For example, we recently had a client who spent over $300,000 a year on marketing technology. They were using maybe 10% of the platform’s capability. And because their team wasn’t up to speed on the functionality they did use, the output wasn’t optimized.

Lucky for them (and me), they realized they could use a pro to look under the hood. We immediately recognized that a simpler solution would suffice. Our advice saved them a big chunk of time and money. More importantly, today, they’re driving impressive business results that their team can execute against.

Similarly, you can’t drive a car that’s massively out of alignment. In the example I just mentioned, less was more. But for many businesses who have their sights set on driving millions of dollars in incremental growth, it takes an investment aligned with a goal. Most aren’t in touch with the cost and benefit of a consultant or agency with experience, expertise, and talent.

This results in sticker shock, which sucks for the client and the consultant alike. The ask and the investment have to be aligned. Otherwise, nobody wins.

On the flip side, it’s on the consultant to demonstrate that they know what to do, how to do it, and then go and do it. These are three entirely different things. Talent alone isn’t enough; you have to know how to maneuver around constraints, both known and discovered along the way.

This brings us to the mechanics of proper strategy. I think it’s all about asking new questions that unlock new possibilities. There needs to be a true value exchange based on what the provider is paid and the value that they deliver.

Sizing the Problem Shapes the Solution

I think the curse of digital transformation is that there’s an idea that there’s some kind of Holy Grail that springs from digital or cloud technologies that will solve all your problems. And it will usher in what everyone wants: disruption, upward mobility, and growth.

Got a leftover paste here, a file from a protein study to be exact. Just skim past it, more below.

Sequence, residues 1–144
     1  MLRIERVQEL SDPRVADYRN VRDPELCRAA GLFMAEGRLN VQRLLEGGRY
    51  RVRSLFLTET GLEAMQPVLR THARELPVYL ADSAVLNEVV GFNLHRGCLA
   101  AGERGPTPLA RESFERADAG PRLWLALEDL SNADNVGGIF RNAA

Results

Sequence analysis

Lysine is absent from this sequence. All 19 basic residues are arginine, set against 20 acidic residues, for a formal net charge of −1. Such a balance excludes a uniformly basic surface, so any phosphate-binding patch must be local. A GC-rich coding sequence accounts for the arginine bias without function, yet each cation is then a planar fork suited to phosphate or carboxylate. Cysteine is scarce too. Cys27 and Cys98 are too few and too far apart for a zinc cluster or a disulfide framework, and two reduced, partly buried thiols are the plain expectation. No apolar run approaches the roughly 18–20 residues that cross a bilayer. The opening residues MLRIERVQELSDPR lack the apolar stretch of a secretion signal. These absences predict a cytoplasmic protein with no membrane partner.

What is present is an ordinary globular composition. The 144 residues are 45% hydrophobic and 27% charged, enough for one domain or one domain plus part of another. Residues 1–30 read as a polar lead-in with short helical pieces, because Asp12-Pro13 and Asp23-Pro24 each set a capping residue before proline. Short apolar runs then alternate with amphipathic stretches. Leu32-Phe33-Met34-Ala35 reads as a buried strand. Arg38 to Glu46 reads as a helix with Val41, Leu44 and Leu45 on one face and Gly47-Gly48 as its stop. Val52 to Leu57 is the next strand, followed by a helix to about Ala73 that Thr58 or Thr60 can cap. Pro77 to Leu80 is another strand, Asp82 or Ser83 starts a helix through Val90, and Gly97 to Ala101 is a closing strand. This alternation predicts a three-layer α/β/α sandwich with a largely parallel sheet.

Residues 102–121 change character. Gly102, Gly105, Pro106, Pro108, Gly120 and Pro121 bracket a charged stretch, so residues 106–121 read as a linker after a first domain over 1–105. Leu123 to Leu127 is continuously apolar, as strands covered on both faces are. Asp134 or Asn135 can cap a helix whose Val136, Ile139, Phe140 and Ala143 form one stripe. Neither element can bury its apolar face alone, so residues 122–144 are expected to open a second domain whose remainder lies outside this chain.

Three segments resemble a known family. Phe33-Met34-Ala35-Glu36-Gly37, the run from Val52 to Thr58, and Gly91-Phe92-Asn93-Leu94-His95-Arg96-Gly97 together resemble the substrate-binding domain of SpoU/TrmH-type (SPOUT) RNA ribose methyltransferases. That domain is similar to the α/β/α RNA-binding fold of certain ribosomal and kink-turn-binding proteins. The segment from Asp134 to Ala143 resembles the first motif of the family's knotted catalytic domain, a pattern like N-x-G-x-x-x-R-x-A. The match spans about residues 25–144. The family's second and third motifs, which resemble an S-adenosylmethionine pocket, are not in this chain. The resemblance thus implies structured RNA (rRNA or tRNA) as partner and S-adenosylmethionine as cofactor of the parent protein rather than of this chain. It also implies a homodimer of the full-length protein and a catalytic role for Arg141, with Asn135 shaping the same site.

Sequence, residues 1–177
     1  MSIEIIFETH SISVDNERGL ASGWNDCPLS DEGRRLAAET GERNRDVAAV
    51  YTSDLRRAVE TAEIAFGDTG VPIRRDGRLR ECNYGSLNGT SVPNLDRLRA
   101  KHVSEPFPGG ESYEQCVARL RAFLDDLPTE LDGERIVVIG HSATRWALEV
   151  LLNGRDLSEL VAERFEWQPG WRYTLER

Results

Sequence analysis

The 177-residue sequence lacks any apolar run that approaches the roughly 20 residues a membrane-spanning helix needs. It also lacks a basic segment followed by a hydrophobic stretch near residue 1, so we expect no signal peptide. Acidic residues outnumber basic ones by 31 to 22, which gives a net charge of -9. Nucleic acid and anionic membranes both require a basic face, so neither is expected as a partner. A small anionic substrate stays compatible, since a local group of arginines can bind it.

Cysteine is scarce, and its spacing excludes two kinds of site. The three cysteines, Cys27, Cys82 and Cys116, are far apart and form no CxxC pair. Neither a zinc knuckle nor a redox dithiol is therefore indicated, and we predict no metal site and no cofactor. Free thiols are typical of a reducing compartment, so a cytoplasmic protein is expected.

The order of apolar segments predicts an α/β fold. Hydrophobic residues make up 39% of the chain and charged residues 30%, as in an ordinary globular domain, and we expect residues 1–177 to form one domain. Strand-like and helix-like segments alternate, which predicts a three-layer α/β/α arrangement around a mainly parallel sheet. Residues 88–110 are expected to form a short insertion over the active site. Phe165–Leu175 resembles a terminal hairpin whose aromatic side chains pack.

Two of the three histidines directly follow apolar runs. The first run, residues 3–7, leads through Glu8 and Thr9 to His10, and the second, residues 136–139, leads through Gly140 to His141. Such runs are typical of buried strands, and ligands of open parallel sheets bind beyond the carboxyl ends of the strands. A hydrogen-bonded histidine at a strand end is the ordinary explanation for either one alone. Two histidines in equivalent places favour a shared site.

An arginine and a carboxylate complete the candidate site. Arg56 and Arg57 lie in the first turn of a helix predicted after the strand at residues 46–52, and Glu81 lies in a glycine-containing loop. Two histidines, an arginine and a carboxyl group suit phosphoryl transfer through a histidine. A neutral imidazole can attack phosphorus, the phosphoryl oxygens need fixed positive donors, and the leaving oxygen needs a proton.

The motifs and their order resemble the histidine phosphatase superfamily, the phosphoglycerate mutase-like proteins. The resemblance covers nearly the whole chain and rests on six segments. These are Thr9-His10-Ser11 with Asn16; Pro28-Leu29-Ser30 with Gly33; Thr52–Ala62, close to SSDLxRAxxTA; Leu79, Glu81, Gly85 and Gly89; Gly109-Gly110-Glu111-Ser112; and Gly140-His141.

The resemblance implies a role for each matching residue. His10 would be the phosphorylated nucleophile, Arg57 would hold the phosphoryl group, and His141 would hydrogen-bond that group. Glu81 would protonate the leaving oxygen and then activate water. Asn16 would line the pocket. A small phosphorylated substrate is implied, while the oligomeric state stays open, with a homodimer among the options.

But what I’ve learned as a marketing innovation consultant is that it’s as much about change management as it is about the actual change. Some problems that can be solved in a few days or a week with technology end up taking months, if not years, to solve because of the human-related blockers.

So, for me, it’s usually straightforward to see the steps necessary to create change. It can be simple to map out and implement. But that doesn’t factor in all of the different barriers that are a part of that complex adaptive system beyond technological choices. They include:

  • People
  • Beliefs and Principles
  • Mindsets
  • Consensus

These things create a massive challenge to consultants like me when it comes to convincing, persuading, and coaching leadership to move forward. You can’t have an informed or accurate scope without defining and investing in discovery, strategy, and tactics.

Innovation doesn’t happen in a vacuum; it begins with having a full definition of the challenge.

As the adage goes, if I had an hour to solve a problem, I’d spend 55 minutes defining it and five minutes solving it.

That’s the challenge that I believe service providers are battling today. And I think that being able to manage expectations clearly and meet all stakeholders’ expectations is the key to drive innovation.

This is where having Ferrari taste vs. a Honda budget doesn’t matter. Once the provider and client are in alignment on that challenge, then the options open up. A talented provider will be able to come up with alternatives. For example, there might be a $200,000 way to do it (Ferrari), a $150,000 version (Acura NSX), and a $25,000 (Honda Accord) way to solve the problem.

There are so many races nowadays for brands to beat the competition — to market, to up-level service, and ultimately to win the hearts, minds, and wallets of customers. Trying to hijack market share by jerry-rigging strategy won’t work.

The right combination is a consultant who knows how to steer, a brand that’s invested in the ride, and the constant recognition that the customer is always in the driver’s seat.